nation's water quality goals. Under TMDL regulations promulgated in 1992, EPA requires states to list waters that are not meeting water quality criteria set for specific designated uses. For each impaired water, the state must identify the amount by which point and nonpoint sources of pollution must be reduced in order for the waterbody to meet its stated water quality standards. Meeting these requirements, many of which have been imposed by court order or consent decree, has become the most pressing and significant regulatory water quality challenge for the states since passage of the Clean Water Act.
Given the most recent lists of impaired waters submitted to EPA, there are about 21,000 polluted river segments, lakes, and estuaries making up over 300,000 river and shore miles and 5 million lake acres. The number of TMDLs required for these impaired waters is greater than 40,000. Under the 1992 EPA guidance or the terms of lawsuit settlements, most states are required to meet an 8- to 13-year deadline for completion of TMDLs. Budget requirements for the program are staggering as well, with most states claiming that they do not have the personnel and financial resources necessary to assess the condition of their waters, to list waters on 303d, and to develop TMDLs. A March 2000 report of the General Accounting Office (GAO) highlighted the pervasive lack of data at the state level available to set water quality standards, to determine what waters are impaired, and to develop TMDLs.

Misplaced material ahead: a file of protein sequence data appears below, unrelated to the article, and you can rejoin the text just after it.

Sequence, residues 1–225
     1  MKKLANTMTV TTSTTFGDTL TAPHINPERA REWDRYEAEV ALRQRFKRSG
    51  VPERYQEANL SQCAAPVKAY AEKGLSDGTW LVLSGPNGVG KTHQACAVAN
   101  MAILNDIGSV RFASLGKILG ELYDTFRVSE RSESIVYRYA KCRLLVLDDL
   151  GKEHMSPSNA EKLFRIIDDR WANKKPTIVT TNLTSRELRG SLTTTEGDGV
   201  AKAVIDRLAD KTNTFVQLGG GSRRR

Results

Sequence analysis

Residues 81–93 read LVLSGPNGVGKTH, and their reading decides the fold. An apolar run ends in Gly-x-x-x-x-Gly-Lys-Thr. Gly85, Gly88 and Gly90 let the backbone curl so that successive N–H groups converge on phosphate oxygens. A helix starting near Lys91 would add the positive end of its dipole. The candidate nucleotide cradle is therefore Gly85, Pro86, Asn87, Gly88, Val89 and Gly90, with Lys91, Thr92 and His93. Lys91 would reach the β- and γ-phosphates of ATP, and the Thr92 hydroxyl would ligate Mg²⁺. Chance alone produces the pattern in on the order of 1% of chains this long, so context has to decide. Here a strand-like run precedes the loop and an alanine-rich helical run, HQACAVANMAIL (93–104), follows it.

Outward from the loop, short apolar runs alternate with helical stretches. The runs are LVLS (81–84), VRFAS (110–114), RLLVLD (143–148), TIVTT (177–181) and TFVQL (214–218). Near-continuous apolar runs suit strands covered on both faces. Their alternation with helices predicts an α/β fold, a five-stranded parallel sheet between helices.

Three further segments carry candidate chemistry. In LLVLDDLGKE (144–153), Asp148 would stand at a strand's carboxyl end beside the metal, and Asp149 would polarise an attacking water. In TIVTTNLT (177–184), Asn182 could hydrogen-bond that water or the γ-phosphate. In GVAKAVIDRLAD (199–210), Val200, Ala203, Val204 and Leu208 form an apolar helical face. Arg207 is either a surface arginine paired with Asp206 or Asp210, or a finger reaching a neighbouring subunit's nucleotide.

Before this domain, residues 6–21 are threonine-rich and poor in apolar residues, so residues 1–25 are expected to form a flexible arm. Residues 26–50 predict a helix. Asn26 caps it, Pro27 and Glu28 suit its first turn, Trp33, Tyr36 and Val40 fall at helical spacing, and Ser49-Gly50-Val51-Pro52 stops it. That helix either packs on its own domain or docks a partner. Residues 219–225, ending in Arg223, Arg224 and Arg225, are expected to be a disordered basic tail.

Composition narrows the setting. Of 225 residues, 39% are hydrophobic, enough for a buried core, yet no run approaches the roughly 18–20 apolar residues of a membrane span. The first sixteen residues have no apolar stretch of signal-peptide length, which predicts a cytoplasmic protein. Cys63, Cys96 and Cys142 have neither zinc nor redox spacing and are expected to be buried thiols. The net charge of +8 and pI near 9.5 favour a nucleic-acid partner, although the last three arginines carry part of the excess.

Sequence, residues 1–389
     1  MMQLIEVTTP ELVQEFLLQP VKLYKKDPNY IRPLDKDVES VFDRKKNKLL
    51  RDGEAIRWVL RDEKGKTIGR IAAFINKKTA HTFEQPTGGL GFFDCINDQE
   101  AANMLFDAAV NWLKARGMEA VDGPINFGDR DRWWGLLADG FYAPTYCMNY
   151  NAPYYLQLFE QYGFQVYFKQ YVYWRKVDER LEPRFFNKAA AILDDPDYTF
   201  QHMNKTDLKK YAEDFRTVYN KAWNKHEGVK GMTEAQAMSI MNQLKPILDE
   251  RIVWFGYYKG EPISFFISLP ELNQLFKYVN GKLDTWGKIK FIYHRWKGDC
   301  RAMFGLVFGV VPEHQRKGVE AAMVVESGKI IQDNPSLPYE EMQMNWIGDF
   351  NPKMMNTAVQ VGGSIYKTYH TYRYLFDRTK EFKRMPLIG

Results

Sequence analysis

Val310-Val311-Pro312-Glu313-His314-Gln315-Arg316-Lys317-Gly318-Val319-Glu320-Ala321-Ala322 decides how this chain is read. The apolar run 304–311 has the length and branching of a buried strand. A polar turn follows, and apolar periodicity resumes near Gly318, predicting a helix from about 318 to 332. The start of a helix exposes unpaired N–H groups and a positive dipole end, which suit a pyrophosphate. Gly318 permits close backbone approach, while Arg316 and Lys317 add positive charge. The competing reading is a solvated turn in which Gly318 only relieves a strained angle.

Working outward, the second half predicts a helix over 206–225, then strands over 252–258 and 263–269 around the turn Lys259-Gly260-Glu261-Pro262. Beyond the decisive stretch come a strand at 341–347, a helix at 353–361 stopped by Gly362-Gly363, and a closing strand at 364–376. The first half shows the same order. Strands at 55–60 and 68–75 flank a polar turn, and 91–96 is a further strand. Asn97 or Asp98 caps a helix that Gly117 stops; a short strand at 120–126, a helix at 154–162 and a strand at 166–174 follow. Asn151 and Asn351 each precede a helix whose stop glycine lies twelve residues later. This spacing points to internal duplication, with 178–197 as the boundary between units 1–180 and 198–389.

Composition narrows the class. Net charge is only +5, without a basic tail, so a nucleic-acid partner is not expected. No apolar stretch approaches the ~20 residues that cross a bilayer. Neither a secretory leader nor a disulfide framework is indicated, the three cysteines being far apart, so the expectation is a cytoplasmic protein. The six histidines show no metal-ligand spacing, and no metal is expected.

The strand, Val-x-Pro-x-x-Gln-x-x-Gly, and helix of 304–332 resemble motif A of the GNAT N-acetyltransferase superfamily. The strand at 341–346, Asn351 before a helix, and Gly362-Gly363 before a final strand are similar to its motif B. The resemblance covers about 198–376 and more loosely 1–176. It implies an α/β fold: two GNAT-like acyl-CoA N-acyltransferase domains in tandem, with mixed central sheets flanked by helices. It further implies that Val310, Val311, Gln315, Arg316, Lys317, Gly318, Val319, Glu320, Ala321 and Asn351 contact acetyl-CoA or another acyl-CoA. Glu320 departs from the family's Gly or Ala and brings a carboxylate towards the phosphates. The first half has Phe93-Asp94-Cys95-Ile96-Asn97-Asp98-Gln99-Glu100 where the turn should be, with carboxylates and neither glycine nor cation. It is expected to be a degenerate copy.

Subsequent to the GAO report and following issuance by EPA of updated TMDL regulations, Congress requested that the National Research Council (NRC) assess the scientific basis of the TMDL program, including:
the information required to identify sources of pollutant loadings and their respective contributions to water quality impairment,
the information required to allocate reductions in pollutant loadings among sources,
whether such information is available for use by the states and whether such information, if available, is reliable, and
if such information is not available or is not reliable, what methodologies should be used to obtain such information.
Of concern to the nation's lawmakers was the paucity of data and information available to the states to comply with program requirements and meet water quality standards. Indeed, as the TMDL program proceeds, the best available science, especially with regard to nonpoint sources of